Limelight gives you a front-row seat inside the world's most illustrious opera theatres, old and new: their history, classic performances and the hottest tickets coming up.
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Page 1: Italy Page 2: Germany & Austria Page 3: France Page 4: UK
Page 5: Spain Page 6: USA Page 7: Australia & Asia
Teatro alla Scala, Milan
One of the world's oldest and grandest theatres, La Scala has become synonymous with opera in Italy, the birthplace of the artform. Designed by Giuseppe Piermarini in Neoclassical style, it first opened its doors in 1778 with Salieri's L'Europa riconosciuta for its inaugural performance. Built at the behest of Empress Maria Theresa of Austria to replace Milan's Royal Ducal Theatre destroyed by fire two years prior, La Scala became the home of opera seria, especially the music of Rossini. It hosted the world premieres of Bellini's Norma (1831), Catalani's La Wally (1892) and Puccini's Madama Butterfly (1904).
Legendary Italian conductor Arturo Toscanini became artistic director in the early 20th century, cementing La Scala's reputation for Verdi performance as well as bringing a new focus to the works of Wagner. Toscanini left a lasting legacy, with the 135-strong Teatro alla Scala Orchestra now considered one of the world’s best for in the genre. Claudio Abbado and Riccardo Muti have also taken up the baton, the latter leaving in 2005 - citing "staff hostility" - after 19 years as music director.
The building sustained severe damage in WWII bombings, and a major restoration effort ensued. Extensive renovations again took place in 2002 - 2004 to expand the backstage area and modernise technical mechanisms. Today, the theatre seats 2,800 and boasts one of the largest stages in Italy (16.15m d x 20.4m w x 26m h).
Fun Fact: The loggione gallery above the boxes are famously peopled with the most critical and often merciless opera devotees, who have been the cause of many a fiasco and audience riot over the years. As recently as 2006, they booed Roberto Alagna off the stage during Verdi's Aida, his understudy replacing him mid-scene without time to don his costume.
In the 19th century, opera-goers were even rowdier thanks to a casino stationed in the foyer.
One to watch: Verdi's Rigoletto in a new Luc Bondy production, with Vittorio Grigolo as the Duke and Gustavo Dudamel conducting. November 6-17, 2012.
Captured on film: This visually stunning 2009 production of the first opera, Monteverdi's L'Orfeo, takes a Titian painting and the traditions of commedia dell'arte as its inspiration.
Teatro La Fenice, Venice
Inaugurated in 1792 with Paisiello's musical drama I Guochi d'Agrigento, La Fenice ("The Phoenix") has risen from the ashes more than once to loom large in the city of canals. It was the first theatre in Venice which sought to claim its status in the classical, elegant facade, designed by G A Selva. Even after it was burned down and rebuilt in 1837, it remained one of Italy's leading theatres.
Verdi composed five operas for La Fenice: Ernani (1844), Attila (1846), Rigoletto (1851), La traviata (1853) and Simon Boccanegra (1857), and the theatre helped Giacomo Meyerbeer rise to stardom with his Il crociato in Egitto (1824).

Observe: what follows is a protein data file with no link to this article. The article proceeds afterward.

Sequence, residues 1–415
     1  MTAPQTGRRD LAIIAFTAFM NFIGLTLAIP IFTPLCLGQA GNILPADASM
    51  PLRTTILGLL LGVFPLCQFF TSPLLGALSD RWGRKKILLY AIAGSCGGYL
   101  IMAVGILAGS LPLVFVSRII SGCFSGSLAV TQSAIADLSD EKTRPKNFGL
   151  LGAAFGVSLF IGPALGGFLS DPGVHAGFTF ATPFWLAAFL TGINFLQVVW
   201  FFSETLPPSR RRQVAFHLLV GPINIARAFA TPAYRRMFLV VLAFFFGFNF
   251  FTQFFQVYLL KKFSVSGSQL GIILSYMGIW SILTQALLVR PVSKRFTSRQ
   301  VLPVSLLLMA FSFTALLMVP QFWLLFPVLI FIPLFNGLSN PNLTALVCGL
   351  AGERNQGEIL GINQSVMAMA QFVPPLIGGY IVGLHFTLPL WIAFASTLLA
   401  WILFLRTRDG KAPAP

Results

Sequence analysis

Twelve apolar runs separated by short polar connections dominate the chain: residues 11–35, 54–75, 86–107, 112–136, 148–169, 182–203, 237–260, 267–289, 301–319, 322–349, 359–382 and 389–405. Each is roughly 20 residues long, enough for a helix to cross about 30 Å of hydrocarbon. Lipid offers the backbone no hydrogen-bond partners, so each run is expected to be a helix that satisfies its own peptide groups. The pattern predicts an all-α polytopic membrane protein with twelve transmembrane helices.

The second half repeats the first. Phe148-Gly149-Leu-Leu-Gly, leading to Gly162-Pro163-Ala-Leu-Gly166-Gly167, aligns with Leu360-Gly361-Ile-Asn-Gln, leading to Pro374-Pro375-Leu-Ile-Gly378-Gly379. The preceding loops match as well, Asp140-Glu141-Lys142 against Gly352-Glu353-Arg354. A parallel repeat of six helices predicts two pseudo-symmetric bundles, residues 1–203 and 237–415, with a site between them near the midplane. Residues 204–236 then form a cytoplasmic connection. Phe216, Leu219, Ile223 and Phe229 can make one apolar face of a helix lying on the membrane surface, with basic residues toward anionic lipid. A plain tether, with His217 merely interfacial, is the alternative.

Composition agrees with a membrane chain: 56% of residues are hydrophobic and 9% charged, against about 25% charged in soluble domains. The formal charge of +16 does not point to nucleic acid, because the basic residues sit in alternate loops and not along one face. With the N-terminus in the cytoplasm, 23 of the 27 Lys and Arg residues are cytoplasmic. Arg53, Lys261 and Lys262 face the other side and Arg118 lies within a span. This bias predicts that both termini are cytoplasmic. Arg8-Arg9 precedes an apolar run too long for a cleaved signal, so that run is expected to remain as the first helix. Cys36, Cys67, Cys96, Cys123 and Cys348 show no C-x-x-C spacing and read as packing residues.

From 1949, the names of Maria Calls and Renata Tebaldi began to appear in the playbills when Callas took on the role of Elvira in I Puritani. In 1960, La Stupenda graced the Fenice stage in the eponymous role of Alcina in Handel's opera.
On January 1996 a devastating fire destroyed much of the theatre. Riccardo Muti heralded its triumphant reopening in 2003. To safeguard against more bad luck, the theatre's entire historical archive has been digitised and is available to browse online.
One to watch: La Fenice is staging a new production of Verdi's Il Trovatore in December 2011, following Rigoletto and La Traviata as a trilogy celebrating the 150th anniversary of the unification of Italy. Directed by Lorenzo Mariani with set and costumes by William Orlandi.
Captured on film: The incredible male soprano Michael Maniaci's aria in Meyerbeer's Il crociato in Egitto.
Teatro di San Carlo, Naples
Italy's oldest surviving opera house claims opera buffa as a particular specialty. After just eight months of construction, the Real Teatro di San Carlo opened in 1737 with Domenico Sarro's Achille in Scirro to a libretto by Metastasio. The ambition and speed at which the theatre was built earned the Sicilian architect Giovanni Antonio Medrano the nickname, "the Man of Miracles".
Alas, in 1816 the theatre was burned to the ground by a stage lantern. Rebuilt in just ten months on a design by Antonio Niccolin, the new theatre prompted Stendhal to remark on its splendour: "It dazzles the eyes, it enraptures the soul". It is this theatre we see today, and that attracted Malibran, Colbran and other illustrious singers of the day. Rossini was engaged as San Carlo's artistic director and composer-in-residence for seven seasons, composing ten operas during his tenure. Donizetti was next in line for the post, building on the San Carlo prestige over ten years and premiering Lucia di Lammermoor there in 1835.
A €67-million renovation was completed in 2009, restoring the theatre to its original glory (with San Carlo's famed acoustics remaining intact) while introducing more modern amenities and replacing outdated technical facilities.
Fun fact: There is an apocryphal story of how the San Carlo came into being. King Charles VII of Naples and his queen were on their way to attend an opera at the run-down Teatro San Bartolomeo. When their horses were tripped up and their carriage upset by loose paving stones, the queen, fuming, insisted her husband build her a new opera house.
One to watch: See Lucia di Lammermoor in the house for which it was written, February 10-18, 2012.
Captured on film: Pergolesi's charming opera buffa, La Serva Padrona
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